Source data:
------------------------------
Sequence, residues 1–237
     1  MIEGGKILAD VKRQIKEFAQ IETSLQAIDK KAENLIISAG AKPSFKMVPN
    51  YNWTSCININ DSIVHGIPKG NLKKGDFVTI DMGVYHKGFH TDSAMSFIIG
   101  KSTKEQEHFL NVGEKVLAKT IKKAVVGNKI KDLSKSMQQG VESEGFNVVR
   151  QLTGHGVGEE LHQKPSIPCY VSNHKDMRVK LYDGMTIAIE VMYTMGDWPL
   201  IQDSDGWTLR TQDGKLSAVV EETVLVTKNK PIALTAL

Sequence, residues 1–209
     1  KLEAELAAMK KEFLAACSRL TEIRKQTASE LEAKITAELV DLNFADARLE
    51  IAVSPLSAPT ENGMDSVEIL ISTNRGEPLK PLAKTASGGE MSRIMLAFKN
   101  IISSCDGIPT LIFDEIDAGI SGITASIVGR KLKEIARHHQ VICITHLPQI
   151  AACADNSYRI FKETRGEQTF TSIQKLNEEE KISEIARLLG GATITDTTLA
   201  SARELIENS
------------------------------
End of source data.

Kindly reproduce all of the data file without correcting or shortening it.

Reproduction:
Sequence, residues 1–237
     1  MIEGGKILAD VKRQIKEFAQ IETSLQAIDK KAENLIISAG AKPSFKMVPN
    51  YNWTSCININ DSIVHGIPKG NLKKGDFVTI DMGVYHKGFH TDSAMSFIIG
   101  KSTKEQEHFL NVGEKVLAKT IKKAVVGNKI KDLSKSMQQG VESEGFNVVR
   151  QLTGHGVGEE LHQKPSIPCY VSNHKDMRVK LYDGMTIAIE VMYTMGDWPL
   201  IQDSDGWTLR TQDGKLSAVV EETVLVTKNK PIALTAL

Sequence, residues 1–209
     1  KLEAELAAMK KEFLAACSRL TEIRKQTASE LEAKITAELV DLNFADARLE
    51  IAVSPLSAPT ENGMDSVEIL ISTNRGEPLK PLAKTASGGE MSRIMLAFKN
   101  IISSCDGIPT LIFDEIDAGI SGITASIVGR KLKEIARHHQ VICITHLPQI
   151  AACADNSYRI FKETRGEQTF TSIQKLNEEE KISEIARLLG GATITDTTLA
   201  SARELIENS